Findings from State of Technology in Retail report underscore growing importance of technology and consumer feedback in product development process.
MakerSights, creator of a predictive product decision platform for retail, has released findings from its inaugural State of Technology in Retail report, which reveals the role consumers’ feedback has on their likelihood to purchase products. The report also found that despite a healthy consumer appetite for providing feedback, product professionals are still challenged with understanding what their customers want.
Additional findings pointed to the importance of customer feedback and adoption of new technologies (e.g., artificial intelligence, predictive analytics or 3D printing) in bridging the gap between understanding what consumers want and increasing sales and brand affinity. The report’s findings were based on a two-part survey of more than 200 product professionals from retailers and brands, along with roughly 300 consumers.
The prevalence of digital and mobile — compounded by the popularity of social media platforms such as Instagram, Snapchat, Youtube and Pinterest — has created millions of tech-savvy consumers who are hooked on the access, influence and real-time gratification that the modern digital landscape gives them. Consumers across all generations have now been primed to expect more from their favorite brands and retailers. Consequently, brands and retailers are faced with the mounting urgency to recognize and react to the specific needs and wants of today’s consumers.
“We are seeing major shifts in consumer expectations for how they want to communicate and transact with their favorite brands. We no longer live in a world where brands can dictate trends and consumers will wait to purchase what is made available to them,” said Matt Field, MakerSights’ president and co-founder. “As the results of this report clearly show, collaboration, transparency and continuous dialogue are top of mind for today’s consumers when assessing purchase options — it must become a bigger part of the go-to-market process for brands hoping to retain mindshare and loyalty.”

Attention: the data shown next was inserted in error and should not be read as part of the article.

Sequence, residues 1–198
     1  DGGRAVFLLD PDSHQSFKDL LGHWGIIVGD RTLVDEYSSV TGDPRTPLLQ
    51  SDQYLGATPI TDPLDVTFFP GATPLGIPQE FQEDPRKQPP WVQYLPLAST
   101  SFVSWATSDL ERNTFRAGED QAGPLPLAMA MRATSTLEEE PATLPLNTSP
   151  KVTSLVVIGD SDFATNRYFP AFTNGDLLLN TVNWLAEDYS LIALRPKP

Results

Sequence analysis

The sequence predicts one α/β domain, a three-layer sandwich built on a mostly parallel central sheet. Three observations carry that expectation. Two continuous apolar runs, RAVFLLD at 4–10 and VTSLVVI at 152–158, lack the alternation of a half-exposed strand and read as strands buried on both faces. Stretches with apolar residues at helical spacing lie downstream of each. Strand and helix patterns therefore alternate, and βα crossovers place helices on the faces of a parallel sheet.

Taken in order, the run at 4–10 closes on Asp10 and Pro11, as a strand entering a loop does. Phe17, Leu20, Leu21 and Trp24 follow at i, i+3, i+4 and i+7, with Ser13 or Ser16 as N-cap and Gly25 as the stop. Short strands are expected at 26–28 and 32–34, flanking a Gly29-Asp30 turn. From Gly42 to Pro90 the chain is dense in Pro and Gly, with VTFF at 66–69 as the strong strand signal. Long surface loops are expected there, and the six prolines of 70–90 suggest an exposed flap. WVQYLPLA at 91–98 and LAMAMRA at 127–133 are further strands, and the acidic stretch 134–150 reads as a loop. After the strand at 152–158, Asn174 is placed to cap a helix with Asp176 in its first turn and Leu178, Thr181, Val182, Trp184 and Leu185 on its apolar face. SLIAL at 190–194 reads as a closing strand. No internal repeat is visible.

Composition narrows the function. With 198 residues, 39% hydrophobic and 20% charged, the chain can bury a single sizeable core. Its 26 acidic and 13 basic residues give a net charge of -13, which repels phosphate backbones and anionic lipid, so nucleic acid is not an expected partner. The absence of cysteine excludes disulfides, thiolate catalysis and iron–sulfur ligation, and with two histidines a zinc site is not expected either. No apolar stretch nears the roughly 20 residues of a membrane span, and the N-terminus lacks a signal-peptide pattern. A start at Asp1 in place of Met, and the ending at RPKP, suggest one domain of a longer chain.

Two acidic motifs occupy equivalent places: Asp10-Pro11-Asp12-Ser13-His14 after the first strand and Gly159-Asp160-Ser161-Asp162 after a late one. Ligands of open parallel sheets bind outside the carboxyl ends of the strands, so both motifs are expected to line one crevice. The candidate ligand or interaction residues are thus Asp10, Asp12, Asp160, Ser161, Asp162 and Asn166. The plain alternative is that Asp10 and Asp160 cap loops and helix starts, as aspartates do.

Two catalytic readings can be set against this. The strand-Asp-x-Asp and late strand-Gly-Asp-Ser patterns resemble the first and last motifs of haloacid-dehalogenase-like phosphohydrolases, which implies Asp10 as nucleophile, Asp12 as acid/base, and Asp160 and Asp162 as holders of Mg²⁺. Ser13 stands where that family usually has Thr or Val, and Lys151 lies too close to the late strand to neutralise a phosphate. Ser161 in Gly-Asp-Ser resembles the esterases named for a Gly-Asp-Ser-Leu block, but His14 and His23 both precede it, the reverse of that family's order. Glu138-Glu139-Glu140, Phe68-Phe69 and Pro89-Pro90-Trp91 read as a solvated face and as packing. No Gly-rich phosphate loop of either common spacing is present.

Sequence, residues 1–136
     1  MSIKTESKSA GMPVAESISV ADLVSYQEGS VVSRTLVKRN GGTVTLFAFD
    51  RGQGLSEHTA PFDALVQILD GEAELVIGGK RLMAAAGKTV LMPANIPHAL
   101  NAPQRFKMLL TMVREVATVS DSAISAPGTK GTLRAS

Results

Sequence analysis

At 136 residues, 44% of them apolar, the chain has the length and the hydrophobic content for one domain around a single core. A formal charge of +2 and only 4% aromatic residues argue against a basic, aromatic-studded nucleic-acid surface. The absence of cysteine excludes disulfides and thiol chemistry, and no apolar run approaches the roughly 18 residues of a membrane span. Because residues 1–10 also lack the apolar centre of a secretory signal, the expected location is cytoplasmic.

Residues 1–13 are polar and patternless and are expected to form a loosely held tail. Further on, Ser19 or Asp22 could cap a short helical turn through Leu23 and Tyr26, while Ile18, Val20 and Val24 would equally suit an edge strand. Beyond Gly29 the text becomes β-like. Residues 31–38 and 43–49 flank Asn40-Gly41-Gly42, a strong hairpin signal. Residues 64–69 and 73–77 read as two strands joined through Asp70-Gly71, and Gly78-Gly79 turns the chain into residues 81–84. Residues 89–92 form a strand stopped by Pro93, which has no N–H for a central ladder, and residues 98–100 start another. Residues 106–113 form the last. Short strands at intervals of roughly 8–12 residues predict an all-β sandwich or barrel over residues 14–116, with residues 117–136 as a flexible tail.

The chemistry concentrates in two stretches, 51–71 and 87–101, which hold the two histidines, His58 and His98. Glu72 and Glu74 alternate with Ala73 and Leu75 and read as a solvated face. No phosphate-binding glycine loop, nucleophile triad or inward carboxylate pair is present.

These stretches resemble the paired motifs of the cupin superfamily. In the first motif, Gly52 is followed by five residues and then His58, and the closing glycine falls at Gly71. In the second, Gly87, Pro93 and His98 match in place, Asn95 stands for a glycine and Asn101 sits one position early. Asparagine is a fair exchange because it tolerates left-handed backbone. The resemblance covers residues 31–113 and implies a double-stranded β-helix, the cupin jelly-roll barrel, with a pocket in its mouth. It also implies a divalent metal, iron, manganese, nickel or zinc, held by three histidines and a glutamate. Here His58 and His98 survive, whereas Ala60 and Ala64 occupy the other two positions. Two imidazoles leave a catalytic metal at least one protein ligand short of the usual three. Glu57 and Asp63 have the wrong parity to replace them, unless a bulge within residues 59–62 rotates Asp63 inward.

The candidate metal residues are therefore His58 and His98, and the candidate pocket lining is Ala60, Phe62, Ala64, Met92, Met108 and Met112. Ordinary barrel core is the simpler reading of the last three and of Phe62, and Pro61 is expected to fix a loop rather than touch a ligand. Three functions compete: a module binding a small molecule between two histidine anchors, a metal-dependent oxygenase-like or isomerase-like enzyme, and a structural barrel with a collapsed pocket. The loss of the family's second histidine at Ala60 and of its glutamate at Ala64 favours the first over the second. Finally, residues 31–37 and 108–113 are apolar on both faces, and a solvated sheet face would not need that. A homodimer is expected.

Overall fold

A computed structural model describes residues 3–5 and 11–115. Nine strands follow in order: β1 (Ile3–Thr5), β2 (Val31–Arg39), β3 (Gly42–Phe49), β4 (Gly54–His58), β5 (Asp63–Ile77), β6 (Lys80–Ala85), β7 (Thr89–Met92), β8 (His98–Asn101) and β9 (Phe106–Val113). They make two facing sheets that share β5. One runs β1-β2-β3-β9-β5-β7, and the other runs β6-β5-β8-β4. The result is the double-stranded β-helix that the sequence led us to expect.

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The survey found that consumers value being engaged in the product-creation and go-to-market process, and that being part of the process would impact future purchase decisions and brand loyalty:
75 percent noted that if a brand asked them for feedback on future products or ideas that it would increase their likelihood to purchase from that brand; 66 percent indicated that they wish there were more opportunities to share feedback with their favorite brands.
83 percent of millennial and Gen Z consumers surveyed (ages 18-34) indicated an increased likelihood to purchase from a brand that asked them for feedback.
Nearly a quarter (22 percent) indicated that the “ability to have a say in how or what products are made” was a driver of loyalty to a brand.
In contrast, the survey of 254 retail professionals found that a top challenge for product teams remains understanding end-consumer preferences. This reveals a gap between consumer expectations for more dialogue and the perceived lack of consumer discovery on the part of retail businesses.
43 percent indicated that the toughest challenge they face today when bringing new products to market is “understanding customer preferences,” followed by inventory management (41 percent) and pricing strategy (32 percent)
41 percent reported that the most critical challenge in retail today is acquiring and retaining customers, followed by 28 percent who reported ineffective organizational structures (e.g., siloed departments)
Along with its inaugural report, MakerSights has unveiled the latest iteration of its cloud-based product decision platform, which is aligned to the retail calendar to empower brands to reduce the gap between products made and what consumers buy.
By combining human intuition and machine learning, MakerSights helps product teams make more informed decisions, eliminating risk at all product development stages, making it possible to narrow the multi-trillion-dollar annual gap between what brands think consumers want and what consumers actually value.
“To most effectively support product-related decision-making, we designed the new iteration of our platform to be tied directly to the retail calendar as opposed to sitting outside of it, [which] helps brands seamlessly aggregate consumer feedback, historical sales data and internal hypotheses when assessing the viability of new products,” Field said. “Anyone within a product organization can access these data-driven suggestions at any point across the product lifecycle to develop better products that will sell to their full potential.”